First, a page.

Coming soon: the mobile that works by a nod, a wink or the wave of a hand

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The Independent Online

You will soon be able to walk the talk a lot more easily. New research is under way to develop technology that will make it possible to send text messages and make phone calls without having to touch the keypad.

By simply waving your hand, nodding or winking, the technology will enable us to dispense with the hassle of typing in characters.

"We're trying to get away from using your eyes as much as possible because you need them when you're on the move," says Professor Stephen Brewster, who is heading the research project sponsored by the Engineering and Physical Sciences Research Council. Academics at Glasgow University have developed a handy device known as an "accelerometer", which is less than a centimetre in diameter and incredibly sensitive to motion.

"If you had an accelerometer on your finger you could write a text message by drawing the letters in the air," Professor Brewster said. "It would use our new 3D sound technology to repeat what you'd written back to you. You might hear the words as if they were being spoken right in front of you. So you could still be listening to your iPod, which would sound as if the music is coming from behind you. Then you might use another accelerometer embedded in the headphones to send the message by nodding your head."

The hard part - which will take another 18 months to perfect - is making sure the equipment does not recognise signals that are not meant for it.

"Gestures need to be discreet and unobtrusive enough that users can happily control their gadget in public without looking as if they are conducting an orchestra," Professor Brewster said. "On the other hand, they need freedom to get a little carried away with their dance moves without accidentally changing tracks. Trying to perfect really good gesture-recognition is very hard. You don't want the technology to recognise a signal that wasn't meant for the device. And that's not an easy problem to solve."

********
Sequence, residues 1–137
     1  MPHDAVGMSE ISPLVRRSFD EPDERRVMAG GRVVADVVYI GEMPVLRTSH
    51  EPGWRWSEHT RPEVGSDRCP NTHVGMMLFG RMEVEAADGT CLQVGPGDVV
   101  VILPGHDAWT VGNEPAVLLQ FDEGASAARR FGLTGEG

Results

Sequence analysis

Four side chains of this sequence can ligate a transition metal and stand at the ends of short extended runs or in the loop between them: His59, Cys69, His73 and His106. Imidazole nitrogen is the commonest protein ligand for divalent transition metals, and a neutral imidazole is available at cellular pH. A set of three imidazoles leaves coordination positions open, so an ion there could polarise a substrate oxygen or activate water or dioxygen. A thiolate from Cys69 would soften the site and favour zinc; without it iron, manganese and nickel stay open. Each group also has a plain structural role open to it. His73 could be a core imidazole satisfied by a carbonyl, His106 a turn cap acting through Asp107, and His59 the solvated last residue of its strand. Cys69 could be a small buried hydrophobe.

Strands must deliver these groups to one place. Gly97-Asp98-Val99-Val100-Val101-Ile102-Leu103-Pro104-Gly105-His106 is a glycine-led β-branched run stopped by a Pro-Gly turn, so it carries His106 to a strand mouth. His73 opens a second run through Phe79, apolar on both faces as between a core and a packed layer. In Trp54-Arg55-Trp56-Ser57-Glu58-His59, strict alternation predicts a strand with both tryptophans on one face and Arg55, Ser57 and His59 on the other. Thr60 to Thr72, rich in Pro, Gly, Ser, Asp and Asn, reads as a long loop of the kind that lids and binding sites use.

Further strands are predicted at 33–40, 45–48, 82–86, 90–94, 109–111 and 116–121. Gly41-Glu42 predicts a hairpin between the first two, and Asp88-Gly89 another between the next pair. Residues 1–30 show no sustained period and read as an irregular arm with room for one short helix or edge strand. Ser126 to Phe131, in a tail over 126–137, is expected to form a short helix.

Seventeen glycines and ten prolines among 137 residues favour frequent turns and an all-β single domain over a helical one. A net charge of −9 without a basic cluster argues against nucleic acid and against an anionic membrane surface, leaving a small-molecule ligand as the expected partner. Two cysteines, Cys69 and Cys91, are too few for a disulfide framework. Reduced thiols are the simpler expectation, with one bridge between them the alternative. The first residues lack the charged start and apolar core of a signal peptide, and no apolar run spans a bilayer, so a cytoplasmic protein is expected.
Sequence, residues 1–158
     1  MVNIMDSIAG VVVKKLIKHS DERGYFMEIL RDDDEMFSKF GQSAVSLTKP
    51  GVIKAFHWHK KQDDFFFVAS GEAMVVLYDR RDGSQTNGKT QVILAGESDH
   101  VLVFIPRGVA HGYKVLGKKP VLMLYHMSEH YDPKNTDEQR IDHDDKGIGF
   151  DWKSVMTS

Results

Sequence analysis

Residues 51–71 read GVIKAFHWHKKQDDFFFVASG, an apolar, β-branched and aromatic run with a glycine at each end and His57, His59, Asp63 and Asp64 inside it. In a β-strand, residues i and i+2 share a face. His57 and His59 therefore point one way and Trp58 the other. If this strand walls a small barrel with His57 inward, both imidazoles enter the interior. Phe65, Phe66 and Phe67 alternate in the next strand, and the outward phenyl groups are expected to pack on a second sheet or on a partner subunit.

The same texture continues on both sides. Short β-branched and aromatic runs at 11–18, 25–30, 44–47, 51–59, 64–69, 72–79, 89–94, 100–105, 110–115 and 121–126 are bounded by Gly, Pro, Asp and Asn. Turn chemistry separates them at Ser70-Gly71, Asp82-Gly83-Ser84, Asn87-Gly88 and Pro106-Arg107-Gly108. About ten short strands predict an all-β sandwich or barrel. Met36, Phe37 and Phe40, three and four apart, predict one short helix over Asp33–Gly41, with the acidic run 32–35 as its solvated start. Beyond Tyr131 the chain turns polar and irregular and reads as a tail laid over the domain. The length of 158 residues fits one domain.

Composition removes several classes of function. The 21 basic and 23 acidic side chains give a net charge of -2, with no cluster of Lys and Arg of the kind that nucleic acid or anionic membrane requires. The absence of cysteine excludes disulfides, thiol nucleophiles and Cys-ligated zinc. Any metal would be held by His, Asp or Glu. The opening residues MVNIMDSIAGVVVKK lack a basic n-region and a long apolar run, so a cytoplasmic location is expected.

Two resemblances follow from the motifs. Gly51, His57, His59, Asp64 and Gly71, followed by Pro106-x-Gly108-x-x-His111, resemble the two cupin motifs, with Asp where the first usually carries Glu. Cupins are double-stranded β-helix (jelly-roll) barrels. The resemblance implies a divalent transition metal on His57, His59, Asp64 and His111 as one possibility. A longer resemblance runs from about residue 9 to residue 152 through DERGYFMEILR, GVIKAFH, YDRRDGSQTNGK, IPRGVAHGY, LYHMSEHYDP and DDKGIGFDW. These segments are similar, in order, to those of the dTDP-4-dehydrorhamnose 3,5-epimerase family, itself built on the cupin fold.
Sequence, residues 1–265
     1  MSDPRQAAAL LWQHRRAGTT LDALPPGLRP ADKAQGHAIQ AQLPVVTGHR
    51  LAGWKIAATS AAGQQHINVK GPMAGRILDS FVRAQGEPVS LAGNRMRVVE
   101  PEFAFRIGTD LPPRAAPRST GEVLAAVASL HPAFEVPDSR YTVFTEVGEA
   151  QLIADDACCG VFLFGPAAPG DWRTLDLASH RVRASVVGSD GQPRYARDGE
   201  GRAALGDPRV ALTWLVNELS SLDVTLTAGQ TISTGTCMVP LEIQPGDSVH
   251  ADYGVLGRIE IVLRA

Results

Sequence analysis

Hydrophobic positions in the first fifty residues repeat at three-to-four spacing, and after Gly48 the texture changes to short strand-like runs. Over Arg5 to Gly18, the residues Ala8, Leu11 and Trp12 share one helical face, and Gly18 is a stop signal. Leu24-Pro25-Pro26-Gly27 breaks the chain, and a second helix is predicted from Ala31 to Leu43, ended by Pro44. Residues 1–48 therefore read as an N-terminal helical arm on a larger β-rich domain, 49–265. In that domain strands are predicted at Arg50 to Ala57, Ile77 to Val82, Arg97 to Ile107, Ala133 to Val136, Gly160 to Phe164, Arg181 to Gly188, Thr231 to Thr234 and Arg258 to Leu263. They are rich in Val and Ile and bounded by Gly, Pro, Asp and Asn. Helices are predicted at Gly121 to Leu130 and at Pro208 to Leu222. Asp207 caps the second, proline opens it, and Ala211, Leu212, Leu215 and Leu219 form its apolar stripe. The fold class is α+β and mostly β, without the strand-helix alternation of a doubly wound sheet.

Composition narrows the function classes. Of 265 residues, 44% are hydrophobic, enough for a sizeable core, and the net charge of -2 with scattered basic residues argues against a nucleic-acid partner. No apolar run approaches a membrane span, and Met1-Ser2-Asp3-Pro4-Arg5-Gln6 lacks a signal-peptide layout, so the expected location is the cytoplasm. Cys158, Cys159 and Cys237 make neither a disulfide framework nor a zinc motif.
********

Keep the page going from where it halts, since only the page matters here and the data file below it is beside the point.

Researchers at Glasgow University say this technology will be here within two years. Then they want to start work on other futuristic gizmos.

We can also look forward to the multi-vibrational mobile phone skin patch. "We've started looking at tactile displays, which would work very well with mobiles," said Professor Brewster. "Your skin works very well as a receiving instrument - you can get lots of signals through it. We're not really taking advantage of that yet."

The mobile phone has come a long way since Dr Martin Cooper at Motorola made the first call in April 1973. More than three decades later we have "clamshell" handsets consciously modelled on the "communicators" in Star Trek, and Samsung is poised to launch a gaming phone that allows characters to run and jump when the handset is shaken.

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